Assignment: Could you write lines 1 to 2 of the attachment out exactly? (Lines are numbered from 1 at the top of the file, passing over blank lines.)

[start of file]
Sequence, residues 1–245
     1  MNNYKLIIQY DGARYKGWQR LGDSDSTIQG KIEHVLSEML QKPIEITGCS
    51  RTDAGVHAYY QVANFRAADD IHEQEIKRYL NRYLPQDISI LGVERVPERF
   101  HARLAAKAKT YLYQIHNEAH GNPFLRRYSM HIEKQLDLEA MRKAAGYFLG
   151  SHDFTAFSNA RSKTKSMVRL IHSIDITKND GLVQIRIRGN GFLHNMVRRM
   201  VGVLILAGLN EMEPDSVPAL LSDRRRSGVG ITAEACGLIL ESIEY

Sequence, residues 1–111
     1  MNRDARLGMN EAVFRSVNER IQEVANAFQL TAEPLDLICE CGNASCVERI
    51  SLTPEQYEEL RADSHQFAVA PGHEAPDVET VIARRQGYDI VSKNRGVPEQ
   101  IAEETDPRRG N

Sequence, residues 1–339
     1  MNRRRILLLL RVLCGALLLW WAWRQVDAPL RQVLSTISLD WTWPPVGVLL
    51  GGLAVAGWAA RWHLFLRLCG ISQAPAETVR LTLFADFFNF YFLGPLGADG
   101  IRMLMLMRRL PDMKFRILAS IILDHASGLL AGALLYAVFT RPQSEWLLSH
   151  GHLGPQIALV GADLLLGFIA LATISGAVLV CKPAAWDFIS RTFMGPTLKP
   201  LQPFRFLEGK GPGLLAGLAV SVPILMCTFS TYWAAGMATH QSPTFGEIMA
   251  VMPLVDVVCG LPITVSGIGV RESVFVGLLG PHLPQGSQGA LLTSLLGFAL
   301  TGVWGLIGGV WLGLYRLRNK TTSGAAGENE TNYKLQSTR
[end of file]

Sequence, residues 1–245
     1  MNNYKLIIQY DGARYKGWQR LGDSDSTIQG KIEHVLSEML QKPIEITGCS